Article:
Notwithstanding, much was expected from the foreigner Cream when he registered at St. Thomas' Hospital, Lambeth, South London, in October of 1876. He required further training and an apprenticeship before he could apply as surgeon, but the experience offered at St. Thomas was an excellent start. Within it passed the likes of Thomas Lister, the antiseptic pioneer, and Florence Nightingale, who had started a nursing college for women there. After six months of attending the medical theatres, however, he did not pass the entrance requirements at the Royal College of Surgeons. Returning to St. Thomas for extended education, supplementing it with a hands-on stint as obstetrics clerk, Cream finally applied to the Royal College of Physicians and Surgeons in Edinburgh, Scotland. This time he was accepted and earned a license in midwifery.
One of the reasons Cream may have gotten off to a slow professional start in London was his preoccupation with wealthy young women. As a fellow of above-average looks and a promising profession, Cream had little difficulty meeting the female sex. Feigning to be a bachelor, he spent much time courting several ladies from the Westminster (West End) society circle with elegant townhouses, glittering white carriages and many shillings accruing interest in the Bank Of England on Threadneedle Street. Instead of diving nose downward into the clinical pages of his textbooks, he whiffed the perfume tempestuous on the soft, warm throats of his favorite well-bred ladies.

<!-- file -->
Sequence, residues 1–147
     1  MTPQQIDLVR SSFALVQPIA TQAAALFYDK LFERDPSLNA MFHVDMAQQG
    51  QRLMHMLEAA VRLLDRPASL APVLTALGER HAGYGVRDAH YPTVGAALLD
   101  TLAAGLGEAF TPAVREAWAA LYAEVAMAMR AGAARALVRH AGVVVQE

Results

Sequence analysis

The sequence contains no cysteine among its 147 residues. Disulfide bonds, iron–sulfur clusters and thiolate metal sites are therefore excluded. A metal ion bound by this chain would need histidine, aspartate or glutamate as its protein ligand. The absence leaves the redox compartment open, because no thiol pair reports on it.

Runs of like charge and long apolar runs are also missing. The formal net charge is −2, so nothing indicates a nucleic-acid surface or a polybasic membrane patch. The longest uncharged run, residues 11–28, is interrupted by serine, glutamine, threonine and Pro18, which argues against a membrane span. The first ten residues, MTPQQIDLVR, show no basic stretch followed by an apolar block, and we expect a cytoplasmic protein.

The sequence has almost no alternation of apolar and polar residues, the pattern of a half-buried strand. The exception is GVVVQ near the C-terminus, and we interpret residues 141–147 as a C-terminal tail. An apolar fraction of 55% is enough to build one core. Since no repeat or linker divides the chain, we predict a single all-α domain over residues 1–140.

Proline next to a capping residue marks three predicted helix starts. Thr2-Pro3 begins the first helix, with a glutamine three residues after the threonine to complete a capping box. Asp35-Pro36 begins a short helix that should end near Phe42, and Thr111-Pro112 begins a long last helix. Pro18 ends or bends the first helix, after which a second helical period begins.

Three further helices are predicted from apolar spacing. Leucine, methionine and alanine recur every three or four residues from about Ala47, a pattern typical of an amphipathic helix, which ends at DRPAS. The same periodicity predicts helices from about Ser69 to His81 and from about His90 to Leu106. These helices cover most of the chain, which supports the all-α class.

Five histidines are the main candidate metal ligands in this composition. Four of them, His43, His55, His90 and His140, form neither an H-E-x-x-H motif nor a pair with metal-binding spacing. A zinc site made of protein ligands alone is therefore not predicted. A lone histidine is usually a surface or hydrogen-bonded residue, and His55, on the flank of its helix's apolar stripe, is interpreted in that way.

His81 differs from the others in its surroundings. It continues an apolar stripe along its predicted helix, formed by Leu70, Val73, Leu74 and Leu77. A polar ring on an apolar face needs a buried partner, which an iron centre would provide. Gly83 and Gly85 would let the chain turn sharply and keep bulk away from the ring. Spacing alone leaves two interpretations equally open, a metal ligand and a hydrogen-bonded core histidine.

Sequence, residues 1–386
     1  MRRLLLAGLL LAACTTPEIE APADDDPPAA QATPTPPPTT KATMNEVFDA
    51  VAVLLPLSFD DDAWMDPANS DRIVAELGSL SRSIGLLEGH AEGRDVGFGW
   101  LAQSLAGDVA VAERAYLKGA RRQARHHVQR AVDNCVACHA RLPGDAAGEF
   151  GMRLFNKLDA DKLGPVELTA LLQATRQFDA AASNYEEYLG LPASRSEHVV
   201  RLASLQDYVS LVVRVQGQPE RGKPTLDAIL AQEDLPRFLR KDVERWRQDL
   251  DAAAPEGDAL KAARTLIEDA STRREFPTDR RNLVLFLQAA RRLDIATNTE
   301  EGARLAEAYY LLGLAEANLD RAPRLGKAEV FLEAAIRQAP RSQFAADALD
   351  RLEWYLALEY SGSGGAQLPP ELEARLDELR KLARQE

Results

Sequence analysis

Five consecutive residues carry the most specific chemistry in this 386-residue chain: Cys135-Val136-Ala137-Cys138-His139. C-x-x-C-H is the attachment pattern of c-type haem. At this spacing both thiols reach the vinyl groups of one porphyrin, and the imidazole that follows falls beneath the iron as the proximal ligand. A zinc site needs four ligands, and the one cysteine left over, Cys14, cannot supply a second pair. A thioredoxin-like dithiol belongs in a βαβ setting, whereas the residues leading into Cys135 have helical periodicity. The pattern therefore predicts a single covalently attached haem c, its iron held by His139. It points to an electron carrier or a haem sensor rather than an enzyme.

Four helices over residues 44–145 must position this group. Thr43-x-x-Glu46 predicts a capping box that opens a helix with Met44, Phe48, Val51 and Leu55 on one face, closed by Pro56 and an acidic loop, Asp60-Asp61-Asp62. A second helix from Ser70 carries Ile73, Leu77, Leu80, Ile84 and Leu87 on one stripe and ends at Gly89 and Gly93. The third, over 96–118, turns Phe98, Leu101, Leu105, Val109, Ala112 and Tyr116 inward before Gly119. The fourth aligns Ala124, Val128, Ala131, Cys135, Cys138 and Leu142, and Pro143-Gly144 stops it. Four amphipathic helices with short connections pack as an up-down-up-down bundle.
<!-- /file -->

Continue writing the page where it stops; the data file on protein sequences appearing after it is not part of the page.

Victorian London was a Lothario's paradise; it offered on plates of allure pleasure in many shapes and forms. Of London, novelist Jane Austen had jocularly written that she avoided it in fear of temptation, and her appraisal was justified. Cream, having been raised in the shadows of the pine trees and lumber mills of Western Canada, and schooled in the narrow halls of old McGill, must have found London a decadence unto itself. He no doubt marveled at ceaseless carousing available in its many music halls and vaudeville theatres; he probably got to know, at least on a nodding basis, many of the stage performers who tended to live near his residency across the Thames River in what W. Teignmouth Shore calls a "somewhat sordid and very depressing portion" of Lambeth. When not escorting one of his ladies d'elite around Hyde Park or Grosvenor Square, he succumbed to the more earthy attractions found in the halls of frivolity, drinking Bass Ale and mouthing along to the most clever and oft-naughty ditties he'd ever heard.
Waterloo Bridge in Cream's time
But, he also must have been shocked by the ease in which a gentleman in tophat and silk cape could pick up a street urchin for a night, and for so little tuppence. After nightfall, they hung along the ramparts of Waterloo Bridge in droves, selling themselves to passersby on their way in and out of Central London; the blowsy, bust-exposing illiterate shrill with the Cockney accent must have titillated the male in him but sickened the psychoses that told him these type of women are sirens luring a man to evil, no more than filth.